The invention will be further explained by reference to the accompanying drawings, showing a preferred embodimerit.

FIG. 1 shows in which manner the cults are arranged around the arm of the patient, and also shows schematically the parts connected with the cufifs.

FIG. 2 shows the member responding to the disappearance of the phase difference between the two pressure impulses, by means of which the moment for measuring the diastolic blood pressure is determined.

FIG. 3 shows the electric circuit for processing the impulses obtained by means of the member shown in FIG. 2.

FIG. 4 shows the circuit for carrying out the pressure measurement.

FIG. 5 shows a diagram for explaining the operation.

As shown in FIG. 1, two cuffs 1 and 2 are arranged around the arm of the patient at a short distance from each other; these cuffs are attached to each other in overlapping positions. By means of conduits 3 and 4, the cuffs are each connected with a member 5, serving to detect a disappearance of the phase difference between the pressure impulses in the two cutfs. Member 5 in turn is connected with the transducer 6 for carrying out the pressure measurement. At some distance below the cuffs 1 and 2, a third cuff 7 is arranged around the arm of the patient, and this third cuff is connected with a member 8 for detecting a pressure impulse.

In FIG. 2, the member 5 is shown in detail. This member comprises a block 9 made of a plastic material, and containing a plurality of channels and a damping chamber 10. The block 9 contains six vertical channels 11A-11F, each ending in the upper surface of the block. Culfs 1 and 2 are connected respectively to channels 11C and 11D, and channel 11E is connected with the pump (not shown) for inflating the cuffs. Through channel 11F, the air in the cuffs is gradually discharged, whereby the pressure in the ends decreases at a rate of about 3 mm. Hg per second. Channel 11B is connected with the transducer 6. Channels 11B and 11C communicate with an inclined channel 12 ending in channel 11A. A thermistor 13 is placed at the intersection of channels 11A and 12, and provided with supply conductors led through channel 11A. The lower end of channel 11A communicates through a forwardly projecting channel 14 with the damping chamber 10. Channel 11D is likewise connected with the damping chamber through a forwardly projecting channel 15. Channels 11C-11F are mutually connected by a horizontal transverse channel 16 with which they communicate through narrow channels 17, having a small diameter, so that the pressure impulses occurring in the cuffs 1 and 2 are not propagataed through these channels.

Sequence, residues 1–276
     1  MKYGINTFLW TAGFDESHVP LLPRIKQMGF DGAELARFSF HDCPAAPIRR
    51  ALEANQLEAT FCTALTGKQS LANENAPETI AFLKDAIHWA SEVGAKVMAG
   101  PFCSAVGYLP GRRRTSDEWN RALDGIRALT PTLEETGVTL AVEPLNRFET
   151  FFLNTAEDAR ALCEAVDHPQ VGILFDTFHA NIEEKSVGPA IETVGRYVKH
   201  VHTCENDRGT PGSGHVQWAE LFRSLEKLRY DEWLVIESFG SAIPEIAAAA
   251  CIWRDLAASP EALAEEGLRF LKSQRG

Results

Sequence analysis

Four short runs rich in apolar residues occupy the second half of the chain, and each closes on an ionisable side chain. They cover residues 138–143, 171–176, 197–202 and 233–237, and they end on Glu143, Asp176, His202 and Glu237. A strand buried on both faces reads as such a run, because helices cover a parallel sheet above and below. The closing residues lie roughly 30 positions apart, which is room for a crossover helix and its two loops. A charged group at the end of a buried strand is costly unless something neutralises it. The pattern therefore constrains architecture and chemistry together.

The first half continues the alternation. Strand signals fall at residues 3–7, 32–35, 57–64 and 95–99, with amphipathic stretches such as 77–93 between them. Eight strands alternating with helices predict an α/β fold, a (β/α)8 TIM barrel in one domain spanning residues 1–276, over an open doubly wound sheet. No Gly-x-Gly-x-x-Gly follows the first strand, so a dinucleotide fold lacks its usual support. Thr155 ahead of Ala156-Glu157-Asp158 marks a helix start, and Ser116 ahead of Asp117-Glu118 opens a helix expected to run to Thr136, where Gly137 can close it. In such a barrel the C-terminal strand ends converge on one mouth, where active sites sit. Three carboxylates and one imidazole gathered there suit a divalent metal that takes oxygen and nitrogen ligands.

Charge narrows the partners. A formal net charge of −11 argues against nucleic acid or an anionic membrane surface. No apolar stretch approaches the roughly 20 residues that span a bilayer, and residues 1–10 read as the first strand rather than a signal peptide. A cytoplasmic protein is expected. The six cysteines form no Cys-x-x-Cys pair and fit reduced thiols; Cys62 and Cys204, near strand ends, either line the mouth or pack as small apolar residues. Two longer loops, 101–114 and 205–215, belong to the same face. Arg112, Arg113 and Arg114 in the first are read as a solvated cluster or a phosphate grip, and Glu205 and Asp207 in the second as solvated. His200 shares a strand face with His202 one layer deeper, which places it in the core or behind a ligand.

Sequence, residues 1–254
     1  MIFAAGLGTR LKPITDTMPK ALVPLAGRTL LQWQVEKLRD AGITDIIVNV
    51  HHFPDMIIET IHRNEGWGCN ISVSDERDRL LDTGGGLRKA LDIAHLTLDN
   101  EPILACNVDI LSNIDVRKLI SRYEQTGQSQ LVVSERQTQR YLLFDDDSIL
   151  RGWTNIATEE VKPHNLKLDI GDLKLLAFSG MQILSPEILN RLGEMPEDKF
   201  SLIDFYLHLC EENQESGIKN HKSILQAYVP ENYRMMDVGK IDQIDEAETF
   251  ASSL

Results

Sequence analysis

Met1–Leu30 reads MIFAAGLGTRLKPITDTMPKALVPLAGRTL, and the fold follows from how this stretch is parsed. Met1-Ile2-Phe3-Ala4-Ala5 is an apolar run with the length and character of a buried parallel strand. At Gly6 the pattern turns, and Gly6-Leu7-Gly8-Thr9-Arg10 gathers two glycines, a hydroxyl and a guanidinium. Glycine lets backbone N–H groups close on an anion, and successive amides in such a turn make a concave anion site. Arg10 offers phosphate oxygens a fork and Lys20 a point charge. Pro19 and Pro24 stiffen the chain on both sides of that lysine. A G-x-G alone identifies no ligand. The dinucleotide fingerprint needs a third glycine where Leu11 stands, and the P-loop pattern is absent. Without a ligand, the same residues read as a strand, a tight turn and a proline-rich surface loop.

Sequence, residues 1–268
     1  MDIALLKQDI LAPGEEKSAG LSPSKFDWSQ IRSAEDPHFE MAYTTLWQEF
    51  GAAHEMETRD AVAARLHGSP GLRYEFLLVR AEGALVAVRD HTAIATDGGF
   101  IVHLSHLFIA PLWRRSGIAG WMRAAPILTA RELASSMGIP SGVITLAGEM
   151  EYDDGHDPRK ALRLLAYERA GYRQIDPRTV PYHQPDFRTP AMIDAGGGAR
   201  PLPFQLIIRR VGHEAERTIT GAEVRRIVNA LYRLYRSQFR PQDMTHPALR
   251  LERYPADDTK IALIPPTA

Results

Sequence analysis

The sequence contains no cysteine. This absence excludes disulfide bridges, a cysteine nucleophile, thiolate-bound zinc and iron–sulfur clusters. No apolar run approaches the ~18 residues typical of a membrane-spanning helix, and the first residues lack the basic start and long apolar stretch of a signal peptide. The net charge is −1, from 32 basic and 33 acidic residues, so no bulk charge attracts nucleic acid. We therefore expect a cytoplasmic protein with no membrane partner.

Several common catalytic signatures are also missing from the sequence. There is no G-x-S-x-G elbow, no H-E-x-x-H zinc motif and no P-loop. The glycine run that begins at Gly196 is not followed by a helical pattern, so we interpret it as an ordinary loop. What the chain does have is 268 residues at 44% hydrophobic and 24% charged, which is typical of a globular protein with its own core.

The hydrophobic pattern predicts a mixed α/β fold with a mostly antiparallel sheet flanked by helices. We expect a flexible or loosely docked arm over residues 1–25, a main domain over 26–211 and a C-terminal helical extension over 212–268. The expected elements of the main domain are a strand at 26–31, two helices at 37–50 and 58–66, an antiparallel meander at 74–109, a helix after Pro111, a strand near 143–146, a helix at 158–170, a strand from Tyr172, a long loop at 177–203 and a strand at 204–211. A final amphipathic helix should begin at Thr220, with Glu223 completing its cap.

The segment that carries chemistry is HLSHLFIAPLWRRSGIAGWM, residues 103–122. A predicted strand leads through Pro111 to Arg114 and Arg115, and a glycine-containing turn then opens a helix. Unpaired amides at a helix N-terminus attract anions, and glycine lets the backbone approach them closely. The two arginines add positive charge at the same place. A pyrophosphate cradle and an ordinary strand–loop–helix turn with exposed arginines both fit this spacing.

As appears from FIG. 3, the thermistor 13 is connected to a voltage source in series with a fixed resistor 18. The thermistor is heated by the electric current to a relatively high temperature, for instance of C. When the thermistor is cooled by a passing gas how, its resistance is considerably increased, so that a much higher voltage occurs across the thermistor. The voltage impulses generated in this manner are supplied through condenser 19 to an amplifier 20. The output impulses of this amplifier are supplied to a rectifier 21, so as to generate a rectified voltage across the resistor 22, corresponding with the envelope of the successive impulses. This rectified voltage is transmitted by the triode 23, operating as a cathode follower, to the resistor 24.

By means of a potentiometer 25, a predetermined fraction of the output voltage of amplifier 20, for instance 20-30% of this voltage, is supplied to a rectifier 26, having a condenser 27 in its output circuit; no leakage resistor is connected in parallel with the condenser 27, so that its discharge time constant has a very high value. Thus, the voltage across condenser 27 follows the envelope of the output impulses of amplifier 20 as long as the amplitude of these impulses increases. If the amplitude decreases, the voltage across the condenser 27 remains constant. By means of a triode 28, operating as a cathode follower, the voltage across condenser 27 is transmitted to a resistor 29. Thus, a threshold voltage occurs across resistor 29, amounting to 20-30% of the maximum amplitude of the output impulses of amplifier 20.

By means of a member 30, the moment is determined at which the voltage occurring across resistor 24, and corresponding with the envelope of the output impulses of amplifier 20, descends below the threshold voltage occurring across resistor 29. At this moment, the diastolic blood pressure is measured. For the sake of simplicity, the member 30 has been represented in the drawing as a galvanometer. It may be constructed, for instance, as a galvanometric relay, but it can also be formed by the input circuit of an amplifier controlling an electro-magnetic relay.